Lumbar Spine Surgery Results
Written by Craig Benton, DC   
Thursday, May 29, 2014 12:00 PM

Here is some research on the rates of reoperation of lumbar spine surgery patients.

http://www.ncbi.nlm.nih.gov/pubmed/23023591

 

Reoperation rates are higher for fusion than discectomy. Fusion is 18.6% and discectomy is 13.4% 

http://www.ncbi.nlm.nih.gov/pubmed/22193055

 

This one does not talk about what types of surgeries, but I noticed variations among doctors and hospitals with a four year resurgery average of 13.2% with a range of 10.0 to 19.3%

http://www.ncbi.nlm.nih.gov/pubmed/19282796

 

This study shows a mortality rate of 1.93% following a 3 year follow up of lumbar surgery:

http://www.ncbi.nlm.nih.gov/pubmed/17762814

 

This one is pretty interesting.  In the late 1990’s a new fusion procedure was introduced to surgeons called a “cage fusion”  It was a new type of hardware that began to be used and the costs for the surgery went up significantly using this procedure.  It also found the disability was no better following this surgery and the rate of reoperation 14.0% higher than just a bone fusion.  This study stated using the cage fusion the patient was 40% more likely to have to have another lower back operation.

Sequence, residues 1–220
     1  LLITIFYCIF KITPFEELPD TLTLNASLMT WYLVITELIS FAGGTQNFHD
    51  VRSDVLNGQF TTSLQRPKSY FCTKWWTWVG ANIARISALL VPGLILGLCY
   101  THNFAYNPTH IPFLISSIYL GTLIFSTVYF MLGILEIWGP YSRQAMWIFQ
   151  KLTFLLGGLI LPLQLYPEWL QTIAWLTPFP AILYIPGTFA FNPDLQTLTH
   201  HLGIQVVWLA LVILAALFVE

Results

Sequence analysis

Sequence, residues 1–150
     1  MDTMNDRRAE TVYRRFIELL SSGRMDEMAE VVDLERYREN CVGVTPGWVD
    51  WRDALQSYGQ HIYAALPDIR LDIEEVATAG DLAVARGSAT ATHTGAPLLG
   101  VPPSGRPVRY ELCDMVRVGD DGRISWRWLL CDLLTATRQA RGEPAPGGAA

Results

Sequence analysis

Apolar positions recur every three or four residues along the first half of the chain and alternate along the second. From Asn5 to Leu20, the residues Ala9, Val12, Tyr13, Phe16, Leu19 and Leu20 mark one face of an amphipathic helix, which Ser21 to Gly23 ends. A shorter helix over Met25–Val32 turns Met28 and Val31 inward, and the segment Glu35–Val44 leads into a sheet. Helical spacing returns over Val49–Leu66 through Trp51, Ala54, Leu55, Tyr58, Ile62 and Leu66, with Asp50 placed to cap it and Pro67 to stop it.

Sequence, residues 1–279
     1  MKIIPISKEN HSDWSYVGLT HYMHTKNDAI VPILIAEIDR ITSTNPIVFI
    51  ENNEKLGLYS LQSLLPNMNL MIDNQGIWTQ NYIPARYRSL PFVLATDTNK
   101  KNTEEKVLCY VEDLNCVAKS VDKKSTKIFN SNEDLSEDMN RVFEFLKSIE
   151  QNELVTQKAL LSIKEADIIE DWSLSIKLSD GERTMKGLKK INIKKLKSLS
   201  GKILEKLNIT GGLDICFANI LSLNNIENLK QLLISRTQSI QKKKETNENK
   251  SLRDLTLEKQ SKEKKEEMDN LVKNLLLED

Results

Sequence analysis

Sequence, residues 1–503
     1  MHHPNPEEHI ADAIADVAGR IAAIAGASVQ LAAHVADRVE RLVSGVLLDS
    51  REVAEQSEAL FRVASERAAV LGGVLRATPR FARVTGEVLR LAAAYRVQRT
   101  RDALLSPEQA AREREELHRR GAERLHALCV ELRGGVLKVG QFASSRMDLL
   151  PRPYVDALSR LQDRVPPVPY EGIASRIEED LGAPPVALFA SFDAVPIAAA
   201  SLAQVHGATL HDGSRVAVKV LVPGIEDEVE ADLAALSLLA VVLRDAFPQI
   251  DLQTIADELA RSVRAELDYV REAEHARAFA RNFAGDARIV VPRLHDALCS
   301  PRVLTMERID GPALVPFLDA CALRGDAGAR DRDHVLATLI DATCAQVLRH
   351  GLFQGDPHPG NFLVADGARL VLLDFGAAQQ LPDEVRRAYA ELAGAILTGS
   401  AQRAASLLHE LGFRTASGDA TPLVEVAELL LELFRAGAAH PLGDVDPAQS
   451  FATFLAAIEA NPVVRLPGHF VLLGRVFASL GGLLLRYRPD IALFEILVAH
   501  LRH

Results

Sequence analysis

http://www.ncbi.nlm.nih.gov/pubmed/17268274

 

This study showed resurgery rates of 21.5% for fusion and 18.8% for decompression. 

http://www.ncbi.nlm.nih.gov/pubmed/9563113

 

This is an older study for 1998 and it states that again fusion rates had more failures than decompression,  18% vs 7%.

http://www.ncbi.nlm.nih.gov/pubmed/17077741

 

This one used data from Workers Compensation Cases lumbar fusion cases in the State of Washington.  It has a ton of information.  64% had a disability following lumbar fusion, 22% reoperation rate, and almost a 12% complication rate. 

http://www.ncbi.nlm.nih.gov/pubmed/19934960

 

So this is some of the research that the medical profession has done on themselves.  I wonder how many patients know this information before they undergo a surgical spine procedure.